The CSIS notes that the United States does not have good or quick options in dealing with the Islamic State.  It also notes that they effort must go beyond what the US appears willing to do now by saying, “The United States needs to use airpower, weapons transfer, forward military advisors, its full range of intelligence and targeting assets, and the careful allocation of special forces and covert operations to attack the key networks, centers, foreign volunteers, and physical assets of the Islamic state with sufficient precision to avoid striking at the Sunnis who must rejoin the Iraqi government and turn against the Islamic State. But, the ideological, political, and economic aspects of the campaign are at least as critical.  The United States must work with the Iraqi government and with its Arab allies to create the political and economic conditions that will bring Iraq’s Sunnis and Kurds back into an effective government and give then real incentives to turn on the Islamic State.”

The Institute for the Study of War says the American air attacks haven’t stalled ISIS progress.  They note, “ISIS operations in Syria have centered on five main objectives: control of the Euphrates River Valley; seizure of critical oil infrastructure; freedom of maneuver through Kurdish areas of Syria; expulsion of remaining regime forces from bases in Eastern Syria; and seizure of critical supply lines along the Turkish border. ISIS thereby seeks to merge its Iraq and Syria fronts by consolidating lines of communication between the two. ISIS has continued to pursue these objectives in Syria despite U.S. airstrikes in Northern Iraq and the Syrian regime’s sustained air strikes in North-Eastern Syria.”

The Washington Institute looks at the threat ISIS poses to Lebanon.  They note, “It is unlikely that Lebanon’s Sunnis and their leaders will submit to ISIS out of true ideological conviction, but practical needs might overshadow ideology. Shortages in supplies and ammunition have pushed many Syrian rebels to switch allegiances, and others have said that their desperation on the battlefield might force them to join ISIS. Driven by despair and sectarian violence, some of Lebanon’s Sunnis might soon succumb to a similar trend. If Lebanon continues to disenfranchise Sunnis, ISIS will repeat Hezbollah’s approach to the Lebanese Shiites. It will take advantage of the absence of the Lebanese state and provide armed protection and a wide array of social services to some Sunnis in exchange for their obedience. In short, Lebanon is in grave danger of becoming the next victim of ISIS, and the clashes in Arsal were just a taste of things to come.”

The Cato Institute criticizes Washington for praising Egypt’s military run government.  They conclude, “Repression is unlikely to deliver stability.  Terrorism may be seen by more than jihadists as the only way to challenge a regime which bars peaceful dissent.  Mubarak’s jails helped turn Brotherhood member Ayman al-Zawahiri into al-Qaeda’s leader. There isn’t much the U.S. can do to change Cairo.  But the Obama administration could stop intervening constantly and maladroitly.  In fact, Washington’s influence is extremely limited…The U.S. should work with Cairo on issues of shared interest but otherwise maintain substantial distance.  In particular, the administration should stop using foreign aid to bribe Egypt’s generals.  They don’t have to be paid to keep the peace and shouldn’t be paid for anything else. Egypt appears likely to end up without liberty or stability.  Instead of pretending to be in control, Washington should step back from a crisis which it cannot resolve.”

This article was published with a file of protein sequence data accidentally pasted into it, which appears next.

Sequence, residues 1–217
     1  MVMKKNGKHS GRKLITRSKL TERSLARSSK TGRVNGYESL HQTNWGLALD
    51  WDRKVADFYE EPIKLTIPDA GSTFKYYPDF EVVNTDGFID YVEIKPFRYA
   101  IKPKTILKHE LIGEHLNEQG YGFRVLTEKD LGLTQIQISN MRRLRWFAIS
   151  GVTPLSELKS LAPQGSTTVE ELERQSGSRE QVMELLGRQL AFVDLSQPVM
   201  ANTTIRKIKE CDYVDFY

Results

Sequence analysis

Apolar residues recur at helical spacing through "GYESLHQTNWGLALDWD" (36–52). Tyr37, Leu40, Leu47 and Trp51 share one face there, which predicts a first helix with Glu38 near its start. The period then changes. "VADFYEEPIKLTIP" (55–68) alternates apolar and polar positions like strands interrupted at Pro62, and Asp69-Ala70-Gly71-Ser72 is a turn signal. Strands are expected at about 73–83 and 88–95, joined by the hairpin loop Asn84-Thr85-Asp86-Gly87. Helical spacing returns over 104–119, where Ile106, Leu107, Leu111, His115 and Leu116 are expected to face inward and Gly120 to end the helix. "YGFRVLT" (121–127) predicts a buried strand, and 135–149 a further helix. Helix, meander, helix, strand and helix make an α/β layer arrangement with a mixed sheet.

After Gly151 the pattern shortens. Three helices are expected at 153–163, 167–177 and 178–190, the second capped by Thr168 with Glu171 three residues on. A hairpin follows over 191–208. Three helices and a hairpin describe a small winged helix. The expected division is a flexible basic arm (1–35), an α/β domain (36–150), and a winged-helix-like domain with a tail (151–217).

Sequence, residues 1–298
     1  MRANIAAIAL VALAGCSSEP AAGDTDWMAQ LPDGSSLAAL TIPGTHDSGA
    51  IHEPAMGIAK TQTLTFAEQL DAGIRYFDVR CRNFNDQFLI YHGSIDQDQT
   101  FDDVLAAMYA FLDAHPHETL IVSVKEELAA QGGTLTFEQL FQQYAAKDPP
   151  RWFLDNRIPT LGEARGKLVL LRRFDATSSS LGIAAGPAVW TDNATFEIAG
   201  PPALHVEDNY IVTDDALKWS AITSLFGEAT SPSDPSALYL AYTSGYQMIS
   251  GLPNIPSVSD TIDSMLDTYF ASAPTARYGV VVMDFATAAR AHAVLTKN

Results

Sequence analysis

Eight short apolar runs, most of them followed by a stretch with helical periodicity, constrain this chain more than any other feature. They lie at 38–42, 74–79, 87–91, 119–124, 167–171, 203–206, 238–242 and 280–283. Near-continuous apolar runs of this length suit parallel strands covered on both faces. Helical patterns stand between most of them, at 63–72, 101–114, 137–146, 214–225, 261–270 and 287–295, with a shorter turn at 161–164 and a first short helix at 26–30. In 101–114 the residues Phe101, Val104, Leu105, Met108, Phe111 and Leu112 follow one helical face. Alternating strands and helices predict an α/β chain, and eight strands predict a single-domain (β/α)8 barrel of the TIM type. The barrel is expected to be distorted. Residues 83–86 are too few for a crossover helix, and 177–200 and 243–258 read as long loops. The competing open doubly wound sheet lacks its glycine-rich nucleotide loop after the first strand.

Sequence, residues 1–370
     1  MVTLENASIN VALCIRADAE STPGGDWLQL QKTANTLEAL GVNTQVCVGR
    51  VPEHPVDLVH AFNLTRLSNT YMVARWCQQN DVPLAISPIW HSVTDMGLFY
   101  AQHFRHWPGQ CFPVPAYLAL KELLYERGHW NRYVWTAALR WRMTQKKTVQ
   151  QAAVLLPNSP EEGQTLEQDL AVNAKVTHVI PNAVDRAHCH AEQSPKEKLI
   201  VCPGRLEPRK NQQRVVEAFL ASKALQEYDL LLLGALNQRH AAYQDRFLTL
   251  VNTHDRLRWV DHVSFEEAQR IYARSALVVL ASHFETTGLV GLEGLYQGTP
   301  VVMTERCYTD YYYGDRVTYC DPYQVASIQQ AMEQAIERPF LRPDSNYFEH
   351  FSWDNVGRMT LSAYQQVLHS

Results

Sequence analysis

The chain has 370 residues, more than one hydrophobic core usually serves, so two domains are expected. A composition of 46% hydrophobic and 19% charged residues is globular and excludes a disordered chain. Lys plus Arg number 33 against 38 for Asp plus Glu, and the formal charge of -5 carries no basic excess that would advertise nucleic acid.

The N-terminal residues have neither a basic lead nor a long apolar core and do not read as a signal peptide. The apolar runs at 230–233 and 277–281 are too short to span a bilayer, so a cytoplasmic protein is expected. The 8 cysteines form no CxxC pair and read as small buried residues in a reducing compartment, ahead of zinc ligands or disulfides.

The Carnegie Endowment looks at the air strikes carried out by Egypt and the UAE against targets in Libya.  They note, “Such a strategy is ultimately shortsighted. The airstrikes were not enough to stop Islamist-oriented Misratan forces from taking over the Tripoli airport, which had previously been controlled by Zintani militias aligned with Hifter. And no amount of Egyptian support—military or otherwise—will result in a complete diminishing of the Islamist threat to el-Sisi’s satisfaction.”

In the past, the Monitor Analysis has looked at the vulnerability of America’s electrical power grid.  Now, according to the Center for Security Policy, it appears that ISIS may be considering a terrorist attack against the US to take advantage of that weakness.  “The Texas Department of Public Safety believes there is evidence that IS plans an imminent attack in this country…Among the targets national security professionals fear may now be in the jihadis’ crosshairs is America’s exceedingly vulnerable electric grid.” A panel discussion held at the National Press Club in Washington last Wednesday showed how a spate of recent attacks involving sabotage and destruction of property at various electric substations here and elsewhere could be leading indicators of the next 9/11 – one potentially vastly more destructive than the original which occurred thirteen years ago next week.

The CSIS observes that the US lacks a strategic view for Afghanistan, Pakistan, and Central Asia.  They note, “While the US does want to see peaceful and stable relations between Afghanistan, India, and Pakistan countries, it has little desire to maintain a major role in the region or make further major expenditures in aid. It does see India as a potential counterweight to China, but has not seen its efforts to build closer strategic relations produce major results or benefits. Accordingly, the US is focusing its “rebalancing to Asia” on Pacific states, and less on the Indian Ocean. To paraphrase a term from the US film “Wargames,” the best way for the US to win any new Great Game in Central and South Asia is not to play.”

 

 

ANALYSIS

 

Obama and NATO Respond to Russia

 

Will NATO make the same mistake that the Allies did 70 years ago?